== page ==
A 2015 study indicated 9.6% of all homes there were listed on Airbnb – and in the Gothic Quarter section of the Old Town this proportion jumped to 16.8%.
The study interviewed 42 local residents, 40 of whom highlighted issues of displacement – including:
- tenant expulsions
- daily disruptions
Barcelona has stopped issuing new tourism housing licenses, without which short-term rents are illegal. Barcelona council says illegal accommodation “creates speculation and illicit economies and its activities leave nothing positive for local neighbours, causing nuisance and complaints”.
The Barcelona study and various others – including those looking at Boston, Los Angeles, and the entire US – have also suggested a link between the concentration of Airbnb properties in a neighbourhood and rising rents.
The Los Angeles study indicated that, in 2014, almost half of Airbnb listings were clustered in seven neighbourhoods, where rents increased a third more quickly than the city average. The wider US study suggested a 10% increase in Airbnb listings led to a 0.42% increase in rents and a 0.76% increase in house prices.
Of course, many factors affect housing markets. And the author of the Los Angeles report suggested the growth of Airbnb could be as much a result as a cause of wider affordability problems.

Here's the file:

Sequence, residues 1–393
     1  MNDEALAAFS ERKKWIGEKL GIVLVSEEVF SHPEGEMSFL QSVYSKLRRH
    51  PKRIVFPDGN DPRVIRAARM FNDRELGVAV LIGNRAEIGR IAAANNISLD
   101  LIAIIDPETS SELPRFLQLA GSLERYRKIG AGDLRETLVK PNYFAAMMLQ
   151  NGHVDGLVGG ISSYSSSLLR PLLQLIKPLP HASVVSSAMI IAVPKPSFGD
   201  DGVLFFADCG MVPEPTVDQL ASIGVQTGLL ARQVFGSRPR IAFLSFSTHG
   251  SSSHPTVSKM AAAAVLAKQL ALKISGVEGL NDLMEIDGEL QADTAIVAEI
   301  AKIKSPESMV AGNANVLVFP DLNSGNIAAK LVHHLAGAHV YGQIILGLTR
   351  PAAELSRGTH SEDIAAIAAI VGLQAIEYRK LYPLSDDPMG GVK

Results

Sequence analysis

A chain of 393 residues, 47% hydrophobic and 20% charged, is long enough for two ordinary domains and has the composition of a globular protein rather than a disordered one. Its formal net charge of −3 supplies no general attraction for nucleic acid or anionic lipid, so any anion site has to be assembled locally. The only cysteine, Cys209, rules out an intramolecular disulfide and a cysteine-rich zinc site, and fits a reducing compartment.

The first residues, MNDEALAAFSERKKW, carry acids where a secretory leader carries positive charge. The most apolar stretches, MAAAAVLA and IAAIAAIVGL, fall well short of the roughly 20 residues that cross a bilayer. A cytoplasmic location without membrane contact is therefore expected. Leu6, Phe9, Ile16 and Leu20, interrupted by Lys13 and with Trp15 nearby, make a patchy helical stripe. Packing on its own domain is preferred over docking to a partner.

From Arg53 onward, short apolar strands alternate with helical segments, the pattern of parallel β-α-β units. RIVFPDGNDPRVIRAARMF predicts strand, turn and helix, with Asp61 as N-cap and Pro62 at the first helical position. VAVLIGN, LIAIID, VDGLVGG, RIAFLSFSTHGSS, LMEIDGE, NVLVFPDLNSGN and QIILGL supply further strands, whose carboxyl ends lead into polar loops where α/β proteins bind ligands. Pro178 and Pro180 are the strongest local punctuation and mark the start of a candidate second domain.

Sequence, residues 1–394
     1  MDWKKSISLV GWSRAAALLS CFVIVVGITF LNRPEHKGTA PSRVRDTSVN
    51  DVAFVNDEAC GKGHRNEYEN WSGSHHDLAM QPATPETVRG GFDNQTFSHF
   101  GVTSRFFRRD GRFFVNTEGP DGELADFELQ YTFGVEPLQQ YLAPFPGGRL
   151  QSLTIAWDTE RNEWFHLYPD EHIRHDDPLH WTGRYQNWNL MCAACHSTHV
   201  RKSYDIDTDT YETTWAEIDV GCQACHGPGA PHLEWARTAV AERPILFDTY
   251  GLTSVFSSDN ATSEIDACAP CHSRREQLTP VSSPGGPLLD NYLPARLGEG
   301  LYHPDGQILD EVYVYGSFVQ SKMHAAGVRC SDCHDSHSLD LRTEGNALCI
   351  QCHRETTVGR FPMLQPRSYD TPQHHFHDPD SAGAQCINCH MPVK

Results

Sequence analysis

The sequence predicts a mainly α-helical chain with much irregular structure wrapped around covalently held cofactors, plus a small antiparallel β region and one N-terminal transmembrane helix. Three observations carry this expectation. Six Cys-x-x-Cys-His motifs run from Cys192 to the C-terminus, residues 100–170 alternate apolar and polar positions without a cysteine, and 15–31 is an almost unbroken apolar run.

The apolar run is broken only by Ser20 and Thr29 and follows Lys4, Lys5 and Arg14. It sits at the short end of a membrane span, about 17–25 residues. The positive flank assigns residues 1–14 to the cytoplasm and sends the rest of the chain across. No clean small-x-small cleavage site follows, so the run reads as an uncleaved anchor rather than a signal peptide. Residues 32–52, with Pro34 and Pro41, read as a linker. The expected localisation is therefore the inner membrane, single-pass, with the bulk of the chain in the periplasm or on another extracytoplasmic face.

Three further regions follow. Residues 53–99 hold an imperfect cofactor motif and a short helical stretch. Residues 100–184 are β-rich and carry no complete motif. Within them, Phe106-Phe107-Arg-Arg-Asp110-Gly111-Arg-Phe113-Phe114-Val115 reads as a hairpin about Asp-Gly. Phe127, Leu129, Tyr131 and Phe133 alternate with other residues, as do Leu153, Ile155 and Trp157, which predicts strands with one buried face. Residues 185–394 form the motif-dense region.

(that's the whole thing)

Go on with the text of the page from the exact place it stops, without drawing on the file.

But the report also suggests that Airbnb profits from illegal rentals that “cause rent increases, reduce the housing supply, and exacerbate segregation”.
Aside from affordability concerns, some worry that a rapid expansion of short-term lets can alter an area’s atmosphere.
Edinburgh’s heritage watchdog fears “the character of the Old Town in particular is being changed” by short-term lets, although it acknowledges these rentals boost tourism and help businesses.
Another study interviewed a small group of residents on the Hawaiian island of Oahu about their perceptions of short-term rentals. It identified both positive and negative effects – but more of the latter.
People were most worried about the sense of community being damaged, with this referenced more than twice as frequently as property values and affordability.
“This thing is changing the sense of place of the neighbourhood. It’s changing the feel of it, with almost a revolving door of strangers,” one resident said.